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Suzuka – Cherry Blossoms & F1

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Posted on April 3, 2024 Tags:



Daniel running out of options

The New Zealand media has been spruiking ever since the Australian Grand Prix that Helmut – Red Bull’s heavy hitter – has issued an ultimatum to the Perth superstar after his disappointing start to the 2024 F1 season.

Whether it’s true or not, there is no doubt the pressure has never more intense than now for the 34-year-old who simply must deliver some much-needed points to his struggling RB team.

Daniel is a Street Fighter

However, things simply haven’t worked out for him so far this year. More sheer bad luck than judgement. But he has been slower than Yuki in all three races, with the deficit substantial in Saudi Arabia and Australia.

Mind you, word is that Helmut doesn’t rate Yuki highly either!

No one can blame Liam

According to one home-grown report last week the young New Zealander is viewed by Red Bull as Sergio Perez’s successor – not Tsunoda or Ricciardo!

You can’t blame Liam for taking every opportunity he can. After all, that’s the name of the game!

To add to the pressure this weekend, Red Bull-backed rising star Ayumu Iwasa is tipped to make his F1 debut with RB during practice at Suzuka,

It’s hard to believe Daniel could be replaced after just five races – even Nyck de Vries lasted 10 in 2023.

Certainly, the Aussie must bring home a bag of points from Japan and China to silence the critics.

All about extraordinary Suzuka

Before now the Japanese Grand Prix race was always scheduled for the second part of the season, in September or October.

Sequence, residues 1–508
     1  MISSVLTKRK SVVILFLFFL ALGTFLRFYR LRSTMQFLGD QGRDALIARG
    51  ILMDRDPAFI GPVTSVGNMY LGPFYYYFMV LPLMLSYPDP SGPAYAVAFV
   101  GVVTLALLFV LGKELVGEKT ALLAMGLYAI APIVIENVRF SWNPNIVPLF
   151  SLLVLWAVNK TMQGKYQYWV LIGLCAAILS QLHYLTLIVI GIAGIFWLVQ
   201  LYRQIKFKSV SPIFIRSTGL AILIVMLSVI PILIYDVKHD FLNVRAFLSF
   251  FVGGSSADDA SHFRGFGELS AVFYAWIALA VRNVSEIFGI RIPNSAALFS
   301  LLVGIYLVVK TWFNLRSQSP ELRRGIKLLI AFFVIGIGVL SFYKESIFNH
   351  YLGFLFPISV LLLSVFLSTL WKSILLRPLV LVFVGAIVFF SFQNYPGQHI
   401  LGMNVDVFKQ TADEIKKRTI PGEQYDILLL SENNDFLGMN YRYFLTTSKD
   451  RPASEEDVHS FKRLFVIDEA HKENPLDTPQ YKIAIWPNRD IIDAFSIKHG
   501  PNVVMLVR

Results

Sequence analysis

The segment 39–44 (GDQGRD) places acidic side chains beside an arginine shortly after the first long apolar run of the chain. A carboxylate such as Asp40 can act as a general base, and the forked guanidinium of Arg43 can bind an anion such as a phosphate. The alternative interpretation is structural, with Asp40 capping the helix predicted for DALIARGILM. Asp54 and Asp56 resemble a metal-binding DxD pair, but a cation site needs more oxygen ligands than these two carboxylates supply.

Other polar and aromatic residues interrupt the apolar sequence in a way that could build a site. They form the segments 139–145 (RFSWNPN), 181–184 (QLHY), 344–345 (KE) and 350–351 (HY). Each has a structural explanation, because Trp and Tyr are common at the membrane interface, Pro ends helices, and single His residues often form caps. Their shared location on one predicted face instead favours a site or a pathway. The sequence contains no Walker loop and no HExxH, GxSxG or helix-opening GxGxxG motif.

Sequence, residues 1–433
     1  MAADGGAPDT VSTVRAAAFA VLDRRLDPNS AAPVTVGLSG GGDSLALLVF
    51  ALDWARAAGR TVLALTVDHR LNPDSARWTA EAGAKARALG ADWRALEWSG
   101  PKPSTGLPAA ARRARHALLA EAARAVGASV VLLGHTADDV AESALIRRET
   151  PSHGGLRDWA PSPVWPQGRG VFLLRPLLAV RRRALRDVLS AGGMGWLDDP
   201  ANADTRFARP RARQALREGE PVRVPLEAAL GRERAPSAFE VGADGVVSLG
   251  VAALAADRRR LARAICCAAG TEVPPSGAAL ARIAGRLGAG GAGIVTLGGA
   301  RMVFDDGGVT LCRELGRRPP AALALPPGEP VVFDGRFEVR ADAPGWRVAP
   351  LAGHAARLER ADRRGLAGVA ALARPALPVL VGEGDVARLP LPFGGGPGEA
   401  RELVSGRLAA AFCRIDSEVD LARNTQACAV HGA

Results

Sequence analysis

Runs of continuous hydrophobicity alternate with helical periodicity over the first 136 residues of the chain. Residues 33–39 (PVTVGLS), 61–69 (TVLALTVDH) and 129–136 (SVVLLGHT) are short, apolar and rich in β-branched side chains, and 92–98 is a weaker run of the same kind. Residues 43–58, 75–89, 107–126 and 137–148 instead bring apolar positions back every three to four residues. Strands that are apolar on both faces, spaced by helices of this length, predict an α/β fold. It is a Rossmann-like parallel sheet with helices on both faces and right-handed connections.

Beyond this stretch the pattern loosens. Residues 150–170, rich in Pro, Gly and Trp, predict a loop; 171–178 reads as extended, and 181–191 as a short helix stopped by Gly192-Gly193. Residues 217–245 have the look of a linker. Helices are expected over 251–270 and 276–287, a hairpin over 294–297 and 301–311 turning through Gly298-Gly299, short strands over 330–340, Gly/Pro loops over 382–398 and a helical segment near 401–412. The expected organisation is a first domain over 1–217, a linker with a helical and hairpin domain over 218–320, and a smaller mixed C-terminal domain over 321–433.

As a result, Suzuka has frequently crowned world champions – both in the drivers’ and manufacturers’ standings. The last two years have been no exceptions: in 2022, Max Verstappen sealed his second title at the venue, while last year Red Bull were crowned constructors’ champions.

Suzuka, Mie, Japan

These temps could mean a one-stop strategy becomes possible, especially for drivers who are gentle on their tyres.

But a two-stopper traditionally is the most common strategy, due to the energy going through the tyres and the stress to which they are subjected.

It’s an extraordinary challenge for cars and drivers, and a true test for Pirelli’s boots – in terms of wear – due to high levels of asphalt roughness and abrasiveness.

Not forgetting the forces and loads to which they are subjected throughout the variety of corners that make up the lap.

The Suzuka circuit has 18 corners, some of which – such as Spoon, 130R and the uphill combination between Turns 2 and 7 – are among the most famous on the world championship calendar.

Less well-known are the two Degner corners, named after Ernest Degner, a Polish-born motorcycle racer of the 1950s and 1960s, who was raised in East Germany.

Turns 8 and 9 of the Suzuka track are now named after him as a tribute to his contribution to Japanese motorcycling history.

To date there have been 37 editions of the Japanese Grand Prix, 33 of which have been held at Suzuka. The remaining four took place at the Toyota-owned Fuji track.


Is Michael the Greatest of them all?

In terms of team achievements, McLaren has the most victories (9) while Ferrari has the most pole positions (10).

Two days of Pirelli testing are scheduled for Suzuka following the Japanese Grand Prix with Stake F1 Team Kick Sauber and Daniel’s Visa Cash App RB Formula One Team.


 

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